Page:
subject:countryName (OID: 2.5.4.6) ) Required if the subject:organizationName field, subject:givenName, or subject:surname field are present. Optional if the subject:organizationName field, subject:givenName field, and subject:surname field are absent. If the subject:organizationName field is present, the subject:countryName MUST contain the two-letter ISO 3166-1 country code associated with the location of the Subject verified under Section 3.2.2.1. If the subject:organizationName field is absent, the subject:countryName field MAY contain the two-letter ISO 3166-1 country code associated with the Subject as verified in accordance with Section 3.2.2.3. If a Country is not represented by an official ISO 3166-1 country code, the CA MAY specify the ISO 3166-1 user-assigned code of XX indicating that an official ISO 3166-1 alpha-2 code has not been assigned.
subject:organizationalUnitName Optional The CA SHALL implement a process that prevents an OU attribute from including a name, DBA, tradename, trademark, address, location, or other text that refers to a specific natural person or Legal Entity unless the CA has verified this information in accordance with Section 3.2 and the Certificate also contains subject:organizationName, subject:givenName, subject:surname, subject:localityName, and subject:countryName attributes, also verified in accordance with Section 3.2.2.1.

All other optional attributes, when present within the subject field, MUST contain information that has been verified by the CA. Optional attributes MUST NOT contain metadata such as ‘.’, ‘-‘, and ‘ ‘ (i.e. space) characters, and/or any other indication that the value is absent, incomplete, or not applicable.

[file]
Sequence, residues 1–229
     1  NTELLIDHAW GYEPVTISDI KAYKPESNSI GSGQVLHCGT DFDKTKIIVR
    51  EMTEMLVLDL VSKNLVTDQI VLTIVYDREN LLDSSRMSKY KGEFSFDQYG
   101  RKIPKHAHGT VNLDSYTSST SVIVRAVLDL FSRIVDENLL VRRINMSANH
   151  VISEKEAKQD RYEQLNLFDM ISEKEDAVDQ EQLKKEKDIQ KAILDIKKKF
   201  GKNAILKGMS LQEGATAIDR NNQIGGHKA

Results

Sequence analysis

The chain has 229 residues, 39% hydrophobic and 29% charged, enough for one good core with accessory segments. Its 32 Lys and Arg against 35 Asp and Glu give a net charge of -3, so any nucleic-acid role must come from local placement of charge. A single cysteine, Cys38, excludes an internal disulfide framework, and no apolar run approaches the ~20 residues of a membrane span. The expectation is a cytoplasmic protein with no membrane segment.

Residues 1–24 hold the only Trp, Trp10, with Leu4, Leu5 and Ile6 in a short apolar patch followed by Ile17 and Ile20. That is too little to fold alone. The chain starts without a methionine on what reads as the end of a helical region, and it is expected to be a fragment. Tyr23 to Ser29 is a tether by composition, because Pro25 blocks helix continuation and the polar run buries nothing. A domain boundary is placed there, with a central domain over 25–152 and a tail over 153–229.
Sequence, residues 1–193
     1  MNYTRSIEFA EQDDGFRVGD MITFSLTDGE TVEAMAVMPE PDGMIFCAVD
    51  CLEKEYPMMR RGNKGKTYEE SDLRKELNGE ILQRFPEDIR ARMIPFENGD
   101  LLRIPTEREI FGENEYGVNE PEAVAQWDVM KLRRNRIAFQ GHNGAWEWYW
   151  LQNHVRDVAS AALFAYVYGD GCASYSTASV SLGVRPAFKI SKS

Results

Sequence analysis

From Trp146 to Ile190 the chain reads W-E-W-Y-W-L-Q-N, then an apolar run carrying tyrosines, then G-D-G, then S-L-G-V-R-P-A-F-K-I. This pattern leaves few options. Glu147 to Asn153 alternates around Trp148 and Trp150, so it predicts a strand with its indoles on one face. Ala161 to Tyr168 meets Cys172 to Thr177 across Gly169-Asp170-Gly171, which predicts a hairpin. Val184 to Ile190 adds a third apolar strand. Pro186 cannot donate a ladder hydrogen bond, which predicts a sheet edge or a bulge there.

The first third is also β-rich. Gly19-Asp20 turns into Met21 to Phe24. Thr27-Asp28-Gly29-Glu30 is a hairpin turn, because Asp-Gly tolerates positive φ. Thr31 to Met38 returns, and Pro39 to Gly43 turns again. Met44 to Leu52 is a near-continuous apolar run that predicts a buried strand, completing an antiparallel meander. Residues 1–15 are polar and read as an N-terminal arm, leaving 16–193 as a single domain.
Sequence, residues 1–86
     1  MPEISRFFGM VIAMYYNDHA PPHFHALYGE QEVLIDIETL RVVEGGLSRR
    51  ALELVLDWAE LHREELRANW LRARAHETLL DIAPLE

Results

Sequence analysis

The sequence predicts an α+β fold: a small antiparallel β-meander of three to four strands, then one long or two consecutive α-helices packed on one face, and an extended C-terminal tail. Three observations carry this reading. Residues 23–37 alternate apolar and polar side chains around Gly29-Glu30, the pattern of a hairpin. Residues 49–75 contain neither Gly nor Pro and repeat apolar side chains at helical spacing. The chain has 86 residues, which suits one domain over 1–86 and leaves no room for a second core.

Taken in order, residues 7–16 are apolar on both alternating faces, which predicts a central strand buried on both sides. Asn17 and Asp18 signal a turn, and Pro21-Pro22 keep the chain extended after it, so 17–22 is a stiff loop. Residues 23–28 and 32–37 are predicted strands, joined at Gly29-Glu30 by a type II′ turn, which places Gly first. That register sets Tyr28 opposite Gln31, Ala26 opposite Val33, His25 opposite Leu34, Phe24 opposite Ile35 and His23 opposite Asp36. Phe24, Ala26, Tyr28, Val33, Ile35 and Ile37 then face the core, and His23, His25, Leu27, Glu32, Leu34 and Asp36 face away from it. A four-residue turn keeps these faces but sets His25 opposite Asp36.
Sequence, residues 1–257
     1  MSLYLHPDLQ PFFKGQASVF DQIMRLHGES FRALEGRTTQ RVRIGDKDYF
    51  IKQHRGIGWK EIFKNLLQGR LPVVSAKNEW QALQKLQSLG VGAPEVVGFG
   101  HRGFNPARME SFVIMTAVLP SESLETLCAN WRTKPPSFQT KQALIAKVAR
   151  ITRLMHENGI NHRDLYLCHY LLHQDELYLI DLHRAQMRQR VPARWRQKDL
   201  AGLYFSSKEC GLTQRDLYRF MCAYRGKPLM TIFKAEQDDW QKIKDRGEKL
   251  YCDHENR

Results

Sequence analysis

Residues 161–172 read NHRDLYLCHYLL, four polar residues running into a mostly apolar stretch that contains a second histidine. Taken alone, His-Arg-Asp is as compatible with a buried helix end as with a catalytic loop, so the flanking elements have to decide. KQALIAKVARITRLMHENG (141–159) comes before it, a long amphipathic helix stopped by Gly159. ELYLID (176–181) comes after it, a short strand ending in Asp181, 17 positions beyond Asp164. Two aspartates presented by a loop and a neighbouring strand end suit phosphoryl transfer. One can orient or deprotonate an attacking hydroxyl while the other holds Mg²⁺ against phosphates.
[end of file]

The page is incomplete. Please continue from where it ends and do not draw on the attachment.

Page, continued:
7.1.4.3 Subject Information – Subordinate CA Certificates

By issuing a Subordinate CA Certificate, the CA represents that it followed the procedure set forth in its Certificate Policy and/or Certification Practice Statement to verify that, as of the Certificate’s issuance date, all of the Subject Information was accurate.

7.1.5 Name constraints

For a Subordinate CA Certificate to be considered Technically Constrained, the certificate MUST include an Extended Key Usage (EKU) extension specifying all extended key usages that the Subordinate CA Certificate is authorized to issue certificates for. The anyExtendedKeyUsage KeyPurposeId MUST NOT appear within this extension.

If the Subordinate CA Certificate includes the id-kp-serverAuth extended key usage, then the Subordinate CA Certificate MUST include the Name Constraints X.509v3 extension with constraints on dNSName, iPAddress and DirectoryName as follows:

  • For each dNSName in permittedSubtrees, the CA MUST confirm that the Applicant has registered the dNSName or has been authorized by the domain registrant to act on the registrant's behalf in line with the verification practices of section 3.2.2.4.
  • For each iPAddress range in permittedSubtrees, the CA MUST confirm that the Applicant has been assigned the iPAddress range or has been authorized by the assigner to act on the assignee's behalf.
  • For each DirectoryName in permittedSubtrees the CA MUST confirm the Applicants and/or Subsidiary’s Organizational name and location such that end entity certificates issued from the subordinate CA Certificate will be in compliancy with section 7.1.2.4 and 7.1.2.5.

If the Subordinate CA Certificate is not allowed to issue certificates with an iPAddress, then the Subordinate CA Certificate MUST specify the entire IPv4 and IPv6 address ranges in excludedSubtrees. The Subordinate CA Certificate MUST include within excludedSubtrees an iPAddress GeneralName of 8 zero octets (covering the IPv4 address range of 0.0.0.0/0). The Subordinate CA Certificate MUST also include within excludedSubtrees an iPAddress GeneralName of 32 zero octets (covering the IPv6 address range of ::0/0). Otherwise, the Subordinate CA Certificate MUST include at least one iPAddress in permittedSubtrees.